Our Lady and Sheen

Theophilos by Michael D. O’Brien – A review

I recently completed the book Theophilos by Michael D. O’Brien.  I have also read Father Elijah by the same author, and the two books are very different.  Father Elijah: An Apocalypse is about the end of the world; Theophilos is historical fiction.  I read this book because my friend Brenda encouraged me to read some fiction, because I usually focus on heavier reading.  Theophilos was a great choice.

1. I had misgivings when I picked out the book for a few reasons.  The first was my history degree makes it difficult for me to read things in a historical setting, it’s a horrible drawback, and I don’t want to get events confused in my mind.  Also, on a more lighthearted note, I was worried that when the judgement day comes, and I see St. Luke, that he will laugh at me for thinking about this fictional story as his actual life.

2. To my first misgiving, O’Brien managed to knock me off my feet.  His historical research is impressive, even entwining fictional characters in with real events.  I know that that is the purpose of historical fiction, and so I give O’Brien a 5/5 for his skill.  Also the amount of effort that went into creating the culture of the time, the feelings of people, the interactions within society, and the visual descriptions each brought me out of 21st century America and into the 1st century Mediterranean region.  If you would like to escape your world for a while, this book will help you do this.

3. Linguistically this book was a cornucopia of words and phrases.  The thoughtful, yet seamless, insertion of Latin, Hebrew, Greek, Aramaic, and possibly other languages was magical.  O’Brien is a wordsmith, using language in ways I could not have really dreamed.  I believe that the beauty of the language and the names helps keep the book in a “mystical” setting.  Throughout the book I made myself happy by making connections between the Greek or Hebrew or Roman names for those I know in English and their stories.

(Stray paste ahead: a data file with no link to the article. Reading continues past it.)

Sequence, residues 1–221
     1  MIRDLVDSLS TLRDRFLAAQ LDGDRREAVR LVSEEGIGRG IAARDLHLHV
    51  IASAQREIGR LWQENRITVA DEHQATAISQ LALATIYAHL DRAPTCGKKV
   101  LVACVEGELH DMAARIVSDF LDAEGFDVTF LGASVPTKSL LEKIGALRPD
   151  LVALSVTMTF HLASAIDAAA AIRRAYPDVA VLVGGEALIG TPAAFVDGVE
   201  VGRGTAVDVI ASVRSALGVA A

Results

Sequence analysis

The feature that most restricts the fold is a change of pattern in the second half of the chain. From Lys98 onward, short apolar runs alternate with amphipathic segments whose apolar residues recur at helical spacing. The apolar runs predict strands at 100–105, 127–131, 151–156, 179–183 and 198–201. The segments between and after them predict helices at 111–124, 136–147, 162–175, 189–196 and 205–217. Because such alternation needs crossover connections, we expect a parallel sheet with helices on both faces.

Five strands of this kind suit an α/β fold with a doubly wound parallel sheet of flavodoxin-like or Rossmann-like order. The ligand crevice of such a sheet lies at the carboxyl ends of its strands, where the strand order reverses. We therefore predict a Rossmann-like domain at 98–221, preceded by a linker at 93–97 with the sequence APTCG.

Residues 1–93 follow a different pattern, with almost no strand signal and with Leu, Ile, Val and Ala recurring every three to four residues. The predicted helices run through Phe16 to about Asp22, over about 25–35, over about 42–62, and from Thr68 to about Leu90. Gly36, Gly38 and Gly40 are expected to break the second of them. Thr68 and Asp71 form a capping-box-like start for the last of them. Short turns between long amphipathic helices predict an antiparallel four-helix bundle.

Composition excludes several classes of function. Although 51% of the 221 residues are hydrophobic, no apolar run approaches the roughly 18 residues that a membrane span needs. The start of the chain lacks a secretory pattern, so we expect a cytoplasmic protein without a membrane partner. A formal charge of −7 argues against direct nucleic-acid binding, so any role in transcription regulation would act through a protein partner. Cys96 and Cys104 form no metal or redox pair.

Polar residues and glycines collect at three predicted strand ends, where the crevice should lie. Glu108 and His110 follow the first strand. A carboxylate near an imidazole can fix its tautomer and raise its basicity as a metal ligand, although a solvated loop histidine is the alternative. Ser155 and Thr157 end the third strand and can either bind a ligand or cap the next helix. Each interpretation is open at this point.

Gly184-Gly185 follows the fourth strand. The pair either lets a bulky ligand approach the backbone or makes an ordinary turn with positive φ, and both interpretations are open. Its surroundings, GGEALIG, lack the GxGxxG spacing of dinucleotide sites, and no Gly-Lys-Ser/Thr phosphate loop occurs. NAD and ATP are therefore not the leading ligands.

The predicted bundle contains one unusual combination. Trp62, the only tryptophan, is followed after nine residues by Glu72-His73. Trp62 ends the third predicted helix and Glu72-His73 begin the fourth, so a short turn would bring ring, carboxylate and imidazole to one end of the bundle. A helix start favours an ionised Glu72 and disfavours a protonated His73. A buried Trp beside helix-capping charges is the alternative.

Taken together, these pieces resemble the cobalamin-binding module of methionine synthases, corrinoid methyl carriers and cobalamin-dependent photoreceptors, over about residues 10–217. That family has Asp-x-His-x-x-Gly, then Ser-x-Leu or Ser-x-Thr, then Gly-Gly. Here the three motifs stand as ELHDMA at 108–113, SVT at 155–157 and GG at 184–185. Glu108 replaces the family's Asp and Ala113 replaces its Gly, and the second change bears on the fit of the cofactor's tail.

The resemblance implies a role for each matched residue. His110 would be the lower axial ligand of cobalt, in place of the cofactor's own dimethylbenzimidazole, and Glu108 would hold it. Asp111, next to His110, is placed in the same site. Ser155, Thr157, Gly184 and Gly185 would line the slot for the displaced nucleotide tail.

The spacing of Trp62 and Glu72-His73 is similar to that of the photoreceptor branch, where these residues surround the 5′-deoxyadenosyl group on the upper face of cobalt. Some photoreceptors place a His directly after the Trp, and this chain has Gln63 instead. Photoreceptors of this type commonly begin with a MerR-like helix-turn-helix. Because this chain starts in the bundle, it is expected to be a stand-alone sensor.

4. Now to the meat of the book: the Life of Christ.  O’Brien answered one of my fears in the author’s note at the end: “This novel is an imaginative reflection on an obscure aspect of the Gospel and is in no way an attempt to present its characters and scenes as visions of what actually occurred.”  This book is an attempt at getting deeper into the meaning of Christ’s mission, if not the day to day timeline of the early Church.

By taking the historical events of Christ’s life and going into a narrative O’Brien is able to re-tell the Truth of the Gospel in terms that are understandable and believable.  O’Brien’s dream of the Life of Christ, that he puts into words, is one that you can sit back, read, and consider deeply or superficially.  I was brought to tears by one story in particular, “Zakhhay the fool,” in Nazareth.  Of all the stories, I hope that I see Love like that one day.

5. In looking up Theophilos you will find a great many theories as to who this “Most excellent Theophilos” is, to whom the Evangelist wrote the account of Christ.  I find that some of the ideas expressed by others are as plausible as the idea presented in this book that Theophilos was St. Luke’s uncle.  That being said, Theophilos (meaning “friend of God”) is also all of us.  The fictional journey of Theophilos is this book is something that each of us encounter on a daily basis.  If we don’t encounter it while trying to deepen our faith, then we encounter it in other things.  We each must explore beliefs, religious or otherwise, and come to grips with our own understanding, before we can move ourselves deeper down the path of enlightenment.  Theophilos shows us how to do that.

To the reader this can be a novel of theology, philosophy, history, or mystery on whatever level they wish to receive it.  The format of the book is also very easy to follow.  First a letter, then journal entries, then recordings of interviews, then personal reflections, then a final letter.  It’s the first time that I have read a book that had so many different presentation forms, and I rather enjoyed it.

I would recommend this book to anyone.  For those with faith, this book challenges us.  For those without Christian faith, this book offers a more in depth look into why people believe.  Nothing stood out to me that would make this book inappropriate for teenagers, but the vocabulary and philosophical intensity would make it a harder read.  This would be a great book to read with your children if you have patience to explain concepts and historical events to them.

St. Luke, pray for us.

O Most Great Theotokos, pray for us.

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April 25, 2012 - Posted by | Book Review | , , , , , , , , , , , ,

1 Comment »

  1. I highly recommend Sophia House and The Island of the World by the same author.

    Comment by Ben Douglass | April 25, 2012 | Reply


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